I've been doing aerial photography for a couple of years using a camera rig suspended from a kite line. Strange though it might seem, aside from balloon aerial photography it's the oldest form of aerial photography on record, and works quite well. The bulk of the aerial photography I've done has been under radio control. But there are times and places where radio transmitters are either not allowed (right next to radio telescopes) or simply not handy (hiking or mountain climbing). There are automatic rig controllers out there, but I wanted to make my own.
At the moment it's running on a Baby-Orangutan SV-168, but I'm going to move the code over to an Orangutan in the near future because I'm getting to the point where I need more of a user interface for setup. The only hardware hurdle with the Baby-O was to make a header board that brought each of the I/O pins out to three-pin headers, similar to the layout of the larger Orangutan controllers. Only instead of sockets, it's equipped with pins so standard hobby servos could be plugged in:
This is a better shot, showing its location on the camera rig:
The idea is to pan and tilt the camera through a fixed pattern similar to how a Gigapan platform works. The only difference is that the whole thing is suspended in the air, so the view is a little different. With the right wind and the proper choice of kite, the camera's position can be quite stable with very little wind-induced shake to the rig. It's like having a tripod in the sky.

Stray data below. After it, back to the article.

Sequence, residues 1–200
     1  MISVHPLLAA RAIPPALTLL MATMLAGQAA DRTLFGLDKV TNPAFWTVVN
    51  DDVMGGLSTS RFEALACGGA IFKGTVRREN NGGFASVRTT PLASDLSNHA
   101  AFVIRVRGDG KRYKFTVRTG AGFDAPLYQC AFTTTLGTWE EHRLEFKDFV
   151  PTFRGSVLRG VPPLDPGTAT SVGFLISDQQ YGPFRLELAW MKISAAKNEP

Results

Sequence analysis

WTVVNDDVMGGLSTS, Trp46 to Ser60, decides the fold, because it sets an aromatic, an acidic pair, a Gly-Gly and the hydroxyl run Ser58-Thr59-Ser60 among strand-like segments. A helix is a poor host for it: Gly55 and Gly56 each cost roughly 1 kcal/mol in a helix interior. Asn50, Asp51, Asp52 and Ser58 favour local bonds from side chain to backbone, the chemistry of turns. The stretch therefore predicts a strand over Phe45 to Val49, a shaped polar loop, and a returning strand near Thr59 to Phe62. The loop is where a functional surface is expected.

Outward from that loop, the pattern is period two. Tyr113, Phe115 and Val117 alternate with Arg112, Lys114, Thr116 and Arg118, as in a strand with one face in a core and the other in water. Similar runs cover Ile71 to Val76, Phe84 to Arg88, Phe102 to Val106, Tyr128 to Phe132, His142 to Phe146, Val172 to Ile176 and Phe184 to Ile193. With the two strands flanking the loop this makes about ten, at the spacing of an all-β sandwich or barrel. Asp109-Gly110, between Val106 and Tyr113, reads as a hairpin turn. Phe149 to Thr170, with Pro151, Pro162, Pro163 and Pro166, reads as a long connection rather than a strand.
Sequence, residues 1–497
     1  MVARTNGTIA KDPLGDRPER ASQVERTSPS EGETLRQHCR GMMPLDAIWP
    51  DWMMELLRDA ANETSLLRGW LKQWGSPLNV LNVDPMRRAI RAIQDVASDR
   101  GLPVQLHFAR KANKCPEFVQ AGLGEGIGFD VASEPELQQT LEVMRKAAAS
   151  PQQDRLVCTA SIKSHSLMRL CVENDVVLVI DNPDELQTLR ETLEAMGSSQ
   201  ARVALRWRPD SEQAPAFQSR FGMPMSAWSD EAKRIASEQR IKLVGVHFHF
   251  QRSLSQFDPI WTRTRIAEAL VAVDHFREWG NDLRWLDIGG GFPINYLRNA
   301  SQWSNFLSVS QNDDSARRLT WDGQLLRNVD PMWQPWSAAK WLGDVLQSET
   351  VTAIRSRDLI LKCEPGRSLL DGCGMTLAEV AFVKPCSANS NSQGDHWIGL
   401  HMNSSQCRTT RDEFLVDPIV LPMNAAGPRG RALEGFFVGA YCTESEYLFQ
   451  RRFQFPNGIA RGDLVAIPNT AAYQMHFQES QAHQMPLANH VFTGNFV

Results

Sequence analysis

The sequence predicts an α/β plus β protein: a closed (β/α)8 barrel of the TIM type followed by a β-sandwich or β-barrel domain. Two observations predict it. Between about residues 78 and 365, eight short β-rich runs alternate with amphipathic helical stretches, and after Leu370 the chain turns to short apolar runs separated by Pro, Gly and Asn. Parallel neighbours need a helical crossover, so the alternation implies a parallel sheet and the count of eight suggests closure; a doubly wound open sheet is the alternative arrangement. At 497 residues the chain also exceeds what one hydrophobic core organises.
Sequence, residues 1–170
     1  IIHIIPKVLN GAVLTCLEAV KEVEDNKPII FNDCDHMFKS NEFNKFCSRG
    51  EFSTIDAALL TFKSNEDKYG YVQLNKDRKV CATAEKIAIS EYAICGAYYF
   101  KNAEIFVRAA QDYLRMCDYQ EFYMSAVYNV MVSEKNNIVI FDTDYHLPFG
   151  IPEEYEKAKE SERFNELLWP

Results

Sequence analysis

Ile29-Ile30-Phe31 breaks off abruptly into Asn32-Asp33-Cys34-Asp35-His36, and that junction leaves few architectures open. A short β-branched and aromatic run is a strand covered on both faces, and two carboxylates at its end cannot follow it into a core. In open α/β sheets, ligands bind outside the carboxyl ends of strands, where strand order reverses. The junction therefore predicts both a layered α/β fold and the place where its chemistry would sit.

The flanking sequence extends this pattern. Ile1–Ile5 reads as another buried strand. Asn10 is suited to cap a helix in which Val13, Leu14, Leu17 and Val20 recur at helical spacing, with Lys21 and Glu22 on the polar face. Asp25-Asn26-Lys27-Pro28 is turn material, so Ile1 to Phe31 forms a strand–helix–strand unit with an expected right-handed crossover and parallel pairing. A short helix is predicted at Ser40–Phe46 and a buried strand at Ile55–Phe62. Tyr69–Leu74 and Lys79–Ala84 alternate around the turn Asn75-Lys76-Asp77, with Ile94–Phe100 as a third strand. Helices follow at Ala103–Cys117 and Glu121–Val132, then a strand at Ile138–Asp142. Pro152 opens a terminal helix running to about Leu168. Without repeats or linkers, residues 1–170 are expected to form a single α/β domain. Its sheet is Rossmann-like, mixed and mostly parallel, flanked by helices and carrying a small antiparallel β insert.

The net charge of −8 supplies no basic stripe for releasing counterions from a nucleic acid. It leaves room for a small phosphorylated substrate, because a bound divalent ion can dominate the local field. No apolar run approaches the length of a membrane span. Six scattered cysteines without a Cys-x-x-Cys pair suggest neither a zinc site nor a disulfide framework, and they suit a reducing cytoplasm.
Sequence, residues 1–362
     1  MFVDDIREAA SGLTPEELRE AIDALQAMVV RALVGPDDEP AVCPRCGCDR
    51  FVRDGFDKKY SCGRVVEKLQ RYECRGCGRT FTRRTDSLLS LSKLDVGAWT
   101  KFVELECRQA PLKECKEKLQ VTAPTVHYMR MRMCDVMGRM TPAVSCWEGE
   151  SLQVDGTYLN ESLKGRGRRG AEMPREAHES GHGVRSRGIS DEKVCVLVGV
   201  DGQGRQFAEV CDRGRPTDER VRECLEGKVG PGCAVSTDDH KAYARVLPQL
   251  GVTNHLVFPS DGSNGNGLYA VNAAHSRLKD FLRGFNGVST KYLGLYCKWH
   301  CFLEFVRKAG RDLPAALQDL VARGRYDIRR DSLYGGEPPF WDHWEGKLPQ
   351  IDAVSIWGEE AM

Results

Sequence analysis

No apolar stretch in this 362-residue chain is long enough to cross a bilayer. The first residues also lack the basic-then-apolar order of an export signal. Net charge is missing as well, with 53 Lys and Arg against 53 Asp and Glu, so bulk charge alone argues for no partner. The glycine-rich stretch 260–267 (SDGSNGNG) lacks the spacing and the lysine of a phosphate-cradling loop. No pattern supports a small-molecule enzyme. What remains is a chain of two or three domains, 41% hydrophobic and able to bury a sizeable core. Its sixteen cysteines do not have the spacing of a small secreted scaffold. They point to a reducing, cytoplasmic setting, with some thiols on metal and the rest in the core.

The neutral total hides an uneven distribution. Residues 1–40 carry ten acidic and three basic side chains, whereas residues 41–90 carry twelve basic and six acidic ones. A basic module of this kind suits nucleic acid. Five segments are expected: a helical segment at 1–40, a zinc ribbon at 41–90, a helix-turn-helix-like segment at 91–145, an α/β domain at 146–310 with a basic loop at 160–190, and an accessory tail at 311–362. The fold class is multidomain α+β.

With one big exception: It's not rigid. So camera and rig-induced shake can happen. Compact digital cameras don't use a flip-mirror, so the camera-induced shake common with DSLRs and medium format cameras isn't a problem. But rig shake is. Using stock servo code, the motion of the pan and tilt servos caused severe rig shake that lasted for over a second. I wrote a new set of servo routines that use a trapezoidal velocity profile to move the servos. This made for much smoother motion, and almost no rig shake at the end of each move. The difference is demonstrated in a video here:
Since making that video I've stripped out most of the delays I'd put into the code to let the rig settle at the end of each move. It shaved a second and a half off of each shot time, making for a much faster pattern. Unfortunately I still haven't had a chance to test this controller in the air. We've been under a weather system for more than a week, and my kites have been grounded. Such is the nature of aerial photography, or really any form of photography. Ah well.
I'll keep posting photos on Flickr as they come up. Here's the set for this controller:
Right now the new servo code has some glitches, mostly dealing with my own sloppy attention to variable types and casting during math operations. Once I've been through it with a fine toothed comb, I'll be more than happy to post it here or (gasp) update the O-Lib code. In any case it'll be free for anyone to use.
And in case anyone wondered where I've been, I've been out flying kites and taking pictures.